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 Elizabethan Mysteries




Prologue—February 11, 1554

“My lute awake! Perform the last

Labor that thou and I shall hast,

And end that one have now begun;

For when this song is sang and past,

My lute be still, for I have done”

--The Earl of Rochfort

It was a frozen, gray day.  The sun hid behind roiling banks of clouds and sent not even a ray of reassuring light to the earth below, which was eerily silent.  There were no shouts in the streets, no cries from merchants selling hot cider or roasted almonds, no quarrels or laughter.  The river was empty of boats, and the crowds on London Bridge scurried on their business with their muffled heads down.

The whole vast city seemed to hold its breath, and for a moment the ebb and flow of daily life, the stink and striving and heave of it all, had grown still.

Suddenly the bells of the Tower church and All Hallows Barking rang out in a slow, rhythmic, solemn song and the city lurched back to life.  The door of the  Tower lieutenant’s house opened and a lady appeared there, soft and quiet as a ghost.

She was small and pale, and shockingly young.  The crowd gathered outside gasped in surprise at the sight of her, so tiny in her stark black gown and furred cape, her oval, freckled face framed by a fine French hood trimmed with jet beads.  She clutched an open prayer book in her hands, which were steady and still.

She did not cry or tremble, but the two black-clad ladies who followed in her train sobbed.  Lieutenant Feckenham and his men, Queen Mary’s priest, and other grim officials joined the small procession, and they made their way slowly across Tower Green.  The gathered crowd made room for them.  No one said a word, overcome with sadness at the girl’s youth and composure.  Not even the Tower’s ravens cawed or flapped their vast black wings.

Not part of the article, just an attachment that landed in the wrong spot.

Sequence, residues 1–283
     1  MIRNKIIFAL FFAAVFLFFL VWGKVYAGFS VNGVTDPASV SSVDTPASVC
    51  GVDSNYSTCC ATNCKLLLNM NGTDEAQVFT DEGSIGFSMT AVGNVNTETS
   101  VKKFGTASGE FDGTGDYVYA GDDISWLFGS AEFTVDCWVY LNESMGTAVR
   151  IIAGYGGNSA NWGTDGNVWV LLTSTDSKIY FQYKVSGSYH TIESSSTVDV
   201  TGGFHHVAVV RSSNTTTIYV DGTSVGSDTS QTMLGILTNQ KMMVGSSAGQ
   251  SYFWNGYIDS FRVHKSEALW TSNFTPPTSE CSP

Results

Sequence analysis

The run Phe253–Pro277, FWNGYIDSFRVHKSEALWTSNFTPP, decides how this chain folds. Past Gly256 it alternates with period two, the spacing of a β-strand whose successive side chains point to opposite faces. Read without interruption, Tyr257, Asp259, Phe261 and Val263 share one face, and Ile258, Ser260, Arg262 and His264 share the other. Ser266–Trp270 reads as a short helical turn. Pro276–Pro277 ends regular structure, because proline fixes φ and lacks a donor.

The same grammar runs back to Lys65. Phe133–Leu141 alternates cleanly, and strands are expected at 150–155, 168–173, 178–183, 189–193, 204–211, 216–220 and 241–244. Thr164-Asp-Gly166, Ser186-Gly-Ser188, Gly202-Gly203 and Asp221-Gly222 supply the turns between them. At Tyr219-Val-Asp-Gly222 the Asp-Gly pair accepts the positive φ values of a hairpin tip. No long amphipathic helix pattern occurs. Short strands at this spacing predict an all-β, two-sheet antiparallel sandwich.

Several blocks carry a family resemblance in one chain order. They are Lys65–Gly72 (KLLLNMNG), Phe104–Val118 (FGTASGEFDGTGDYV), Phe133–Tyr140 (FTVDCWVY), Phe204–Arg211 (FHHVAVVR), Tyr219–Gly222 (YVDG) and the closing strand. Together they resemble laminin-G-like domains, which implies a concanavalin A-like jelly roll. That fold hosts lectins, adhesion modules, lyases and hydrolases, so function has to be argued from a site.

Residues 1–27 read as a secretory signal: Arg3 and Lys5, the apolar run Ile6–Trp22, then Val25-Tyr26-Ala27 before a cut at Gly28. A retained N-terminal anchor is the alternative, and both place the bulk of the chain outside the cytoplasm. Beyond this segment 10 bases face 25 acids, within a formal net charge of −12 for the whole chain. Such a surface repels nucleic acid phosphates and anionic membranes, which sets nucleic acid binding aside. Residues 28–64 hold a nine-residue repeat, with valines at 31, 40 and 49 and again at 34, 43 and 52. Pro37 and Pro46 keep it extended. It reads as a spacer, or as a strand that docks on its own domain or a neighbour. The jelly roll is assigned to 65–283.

The girl’s lips moved in silent prayer as they came closer to the scaffold built near the chapel.  As she glimpsed the church’s open doors, where her young husband had been buried only that morning, she faltered for an instant.

“Oh, Guildford,” she whispered.  But then her calm composure returned, and she mounted the steps to the scaffold.  A hooded, red-clad executioner waited there near the black, scarred hulk of the block, his axe hidden from her view in the straw scattered at its base.

The girl stepped to the edge of the wooden planks and said in a clear, steady voice, “I pray you all good Christian people to bear me witness that I died a true Christian woman, and that I do look to be saved by no other means, but only by the mercy of God, in the merits of his only son Jesus Christ.  Now, good people, while I am alive, I pray you to assist me with your prayers.”

While I am alive.  Even at the threshold of death, she was staunchly Protestant, defying Queen Mary’s Catholic ways and the priest who stood behind her.  Prayers for the dead were futile, according to the new learning.  The dead were beyond help.

She gave her gloves and handkerchief to her two sobbing ladies and her prayer book to Thomas Brydges, who had assisted her in the long, dull months of her imprisonment.  The ladies removed her headdress and her black gown.  Clad in her white chemise, she seemed even younger, purer—more vulnerable.  Her waving red-gold hair fell over her shoulders.

She glanced at the executioner, who stepped forward.  To him she said, “I pray you, dispatch me quickly.”  And as she knelt, she added in the first quavering hint of any anxiety, “Will you take it off before I lay me down?”

“No, madam,” he answered.

She swallowed hard and nodded.  In one quick motion, she tossed her hair forward and tied on a white blindfold.  But then she lost her bearings in that darkness and grasped desperately for the block, her hands fluttering in the air.  Her cool composure finally cracked, and she cried out, “What shall I do?  Where is it?”

A shudder heaved through the crowd, a wave of revulsion at what was happening to this pale, frightened young girl.  At last one of the guards gently led her to the block and laid her hands on it, and she rested her head in its hollow.

“Lord, into thy hands I commend my spirit,” she whispered, and flung her arms out to the sides.  The executioner, a skilled, experienced man at his profession, swung his axe high and brought it down only once—and it was done.

Jane Grey, sixteen years old and once Queen of England for nine days, was dead.

Her hysterical ladies were carried back to the lieutenant’s house, where they had spent all the months of imprisonment with Lady Jane, and the silent crowds dispersed, their witness done.  Jane’s small body lay there in the bloody straw for hours until it could be officially collected and laid next to her husband and her traitorous father under the floor of the chapel.

Only the ravens watched over her, along with a cloaked and hooded figure lurking in the shadows of Beauchamp Tower.  Alone and silent, this figure stayed with her like a guardian angel until she was carted away and the gory straw swept up and burned.  The block was hidden and the Tower peaceful again—for a time



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